A day in the life of…a Foundry GP

Name & role 

Dr Dan Elliott – GP Partner, with a specialist interest in Diabetic Care

The job you do

My main role is to provide NHS GP services to Foundry Patients.

As part of the GP Partnership I am collectively responsible for all aspects of organising and running the Foundry.

In other words

A medical Jack-of-all-trades and a Master of some (Occasionally!)

What might a typical day look like?

I wake up, fall out of bed…. (Couldn’t resist the Beatles reference!) at about 6:30am and after my morning ablutions and breakfast, enjoy a wonderful drive through the Sussex countryside to Foundry’s Anchor Field site, where I am mostly based.

On arrival, I sit at my desk and engage in ‘paper work’ duties, checking results, letters, signing prescriptions and dealing with patient care related tasks sent to me by other team members. At 8:30am clinicians and key members of the admin team from across Foundry’s sites log on for a Teams meeting to discuss any particular challenges for that day.

The next part of my day consists of telephone and face-to-face appointments, which are a mix of those pre-booked and those booked on the day. This goes on till around 12:00pm. Further time is spent on administrative tasks such as signing prescriptions and results, for half an hour. At 12:30pm we then have a ‘huddle meeting’ of all the GPs usually based at Anchor Field to discuss any interesting clinical cases or issues and divide up any home visits which have arisen.

The middle of the day consists of home visits and teams meetings to discuss clinical and management areas. Lunch is usually consumed at my desk whilst dealing with administrative tasks. I always aim to stretch my legs for a quick break.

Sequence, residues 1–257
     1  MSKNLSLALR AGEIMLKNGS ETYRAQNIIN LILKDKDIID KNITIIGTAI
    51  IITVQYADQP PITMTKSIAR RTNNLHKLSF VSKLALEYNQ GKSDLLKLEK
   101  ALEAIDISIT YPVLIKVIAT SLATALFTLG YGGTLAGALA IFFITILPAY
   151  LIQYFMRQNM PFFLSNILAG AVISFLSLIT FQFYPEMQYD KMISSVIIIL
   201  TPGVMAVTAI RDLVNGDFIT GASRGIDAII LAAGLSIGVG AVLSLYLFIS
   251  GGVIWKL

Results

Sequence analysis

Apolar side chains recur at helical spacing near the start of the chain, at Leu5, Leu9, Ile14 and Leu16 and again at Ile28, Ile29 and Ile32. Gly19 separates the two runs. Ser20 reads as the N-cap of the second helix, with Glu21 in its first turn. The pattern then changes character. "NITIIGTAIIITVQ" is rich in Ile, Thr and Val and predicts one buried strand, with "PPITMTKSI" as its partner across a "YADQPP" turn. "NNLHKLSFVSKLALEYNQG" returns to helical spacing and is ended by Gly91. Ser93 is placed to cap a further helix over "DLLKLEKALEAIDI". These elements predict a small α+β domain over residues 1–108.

Afternoon surgery duties start around 2:30pm and consist of further telephone calls and face-to-face appointments. These can finish around 5:15pm but often goes on nearer to 6pm. After Surgery there is usually more paperwork to finish off and I usually leave on average at around 6:30pm. (Although this can vary!)

The above is a ‘typical day’ but our clinical days are broken up into half day sessions which can vary to include, in my case, Diabetes Clinics, as well as Anima sessions, providing care to patients whom have submitted medical requests online and Acute care sessions at the Urgent Treatment Centre (UTC), providing on-the-day care to our patients and supporting the UTCs Advanced Nurse Practitioners. Some sessions here can start later at 10am and go on until 8pm.

Qualities in quantities

Hard-Working, Resilient, Optimistic, Good humoured

Highs and Lows

Highs – Building relationships with patients through regular contact, seeing them through their journey and improving their health outcomes.

Lows – On occasion, feeling overwhelmed by the workload.

Message in a bottle

A GP is just a cog in a big machine, they couldn’t function without an excellent team.

They constantly try to balance a speedy response to urgent problems and the benefit of seeing the right clinician – continuity is something GP’s treasure as much as patients.

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